It was tight, packing everything before the trip. After buying two sweatshirts and adding a set of longs johns, I needed to make rooom for the return flight. I tossed the raingear (a couple of rips), an old t-shirt and any other little thing I could find. Still, jamming everything into two bags became a wrestling match.
We checked out of the motel (a cheap junky place, but warm and dry) and had time on our hands, so we zipped over to Earthquake Park. A more appropriate name may have been Earthquake Skeeter Park, the pesky little beasts attacking us relentlessly.
We stood at the top of a slope and peered down, fifty feet or more to the slab of earth that used to be up here. Wow, what a temblor. On Good Friday of 1964, the earth shook with a 9.2 rating, and lasted over three minutes. The damage was horrific, with streets broken, houses crushed, tsunamis and fires. The worst sounding effect of the event, in my opinion, was a tsunami in Homer that carrried flaming oil with it.
We swatted our way to the bikes and headed to a house built in 1915 (how did it survive the earthquake?), and after searching, found it to be closed. Off to a sandwich shop for a delicious lunch and quite nicely priced, then we still had time on our hands, so we toured Anchorage. We found an affluent neighborhood where one could fly home in a seaplane and dock it in front of the house. How nice! Alaska leads the world in seaplanes per capita.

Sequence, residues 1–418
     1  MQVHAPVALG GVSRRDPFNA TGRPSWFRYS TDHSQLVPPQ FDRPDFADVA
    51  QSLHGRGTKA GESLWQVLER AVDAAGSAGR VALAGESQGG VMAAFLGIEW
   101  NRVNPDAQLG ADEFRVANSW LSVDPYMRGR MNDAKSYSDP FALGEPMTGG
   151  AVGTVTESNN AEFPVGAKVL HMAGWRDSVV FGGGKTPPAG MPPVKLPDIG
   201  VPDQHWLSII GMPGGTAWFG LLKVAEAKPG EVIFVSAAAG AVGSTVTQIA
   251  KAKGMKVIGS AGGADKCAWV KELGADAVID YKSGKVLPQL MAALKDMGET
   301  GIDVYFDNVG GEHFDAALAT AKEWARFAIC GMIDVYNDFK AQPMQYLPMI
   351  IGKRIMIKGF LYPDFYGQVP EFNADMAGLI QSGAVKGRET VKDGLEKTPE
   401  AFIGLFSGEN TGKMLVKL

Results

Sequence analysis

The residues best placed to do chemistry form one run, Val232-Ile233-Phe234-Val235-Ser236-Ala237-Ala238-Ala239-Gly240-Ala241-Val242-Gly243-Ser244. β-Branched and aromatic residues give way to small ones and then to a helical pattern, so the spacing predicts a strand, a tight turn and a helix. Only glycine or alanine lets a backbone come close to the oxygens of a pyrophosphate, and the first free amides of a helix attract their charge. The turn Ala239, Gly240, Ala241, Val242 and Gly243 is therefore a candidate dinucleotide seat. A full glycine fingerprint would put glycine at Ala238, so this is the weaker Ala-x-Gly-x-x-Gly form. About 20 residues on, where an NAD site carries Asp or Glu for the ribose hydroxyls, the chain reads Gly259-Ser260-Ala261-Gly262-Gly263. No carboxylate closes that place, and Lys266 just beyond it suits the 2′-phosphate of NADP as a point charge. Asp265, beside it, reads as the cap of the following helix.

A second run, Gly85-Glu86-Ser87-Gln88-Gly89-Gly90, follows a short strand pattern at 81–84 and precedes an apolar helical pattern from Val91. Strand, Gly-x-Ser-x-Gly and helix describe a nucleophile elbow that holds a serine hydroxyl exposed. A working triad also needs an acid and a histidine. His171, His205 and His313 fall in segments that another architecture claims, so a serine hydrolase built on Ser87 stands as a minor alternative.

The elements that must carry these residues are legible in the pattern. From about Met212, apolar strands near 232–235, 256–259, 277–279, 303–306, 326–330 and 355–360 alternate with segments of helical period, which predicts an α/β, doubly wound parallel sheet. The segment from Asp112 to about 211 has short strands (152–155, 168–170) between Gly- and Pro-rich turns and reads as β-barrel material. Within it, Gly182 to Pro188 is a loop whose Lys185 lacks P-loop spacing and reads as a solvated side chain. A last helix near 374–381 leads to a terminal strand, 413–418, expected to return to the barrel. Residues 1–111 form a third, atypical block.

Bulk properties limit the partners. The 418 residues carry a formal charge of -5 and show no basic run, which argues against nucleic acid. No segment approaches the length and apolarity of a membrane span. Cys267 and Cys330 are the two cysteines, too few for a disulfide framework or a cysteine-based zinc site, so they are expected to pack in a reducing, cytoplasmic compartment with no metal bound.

Back at MotoQuest, I needed to add the helmet, Gerbing pants and gloves to the already tight bags and it bacame a two man wrestling event, thank you Jim for the extra hands.
Alaska proved to be a great adventure, truly the Last Frontier, with over 300 miles of the trip over dirt roads and much time riding through very remote areas. The weather never really got good, but the viewpoints, flora and fauna were staggering. Truly a place of pristine beauty.
Tomorrow we'll post the Awards, along with Muttering, Musings, Rants and Raves. Read it and decide if I'm a racist or not. See you then.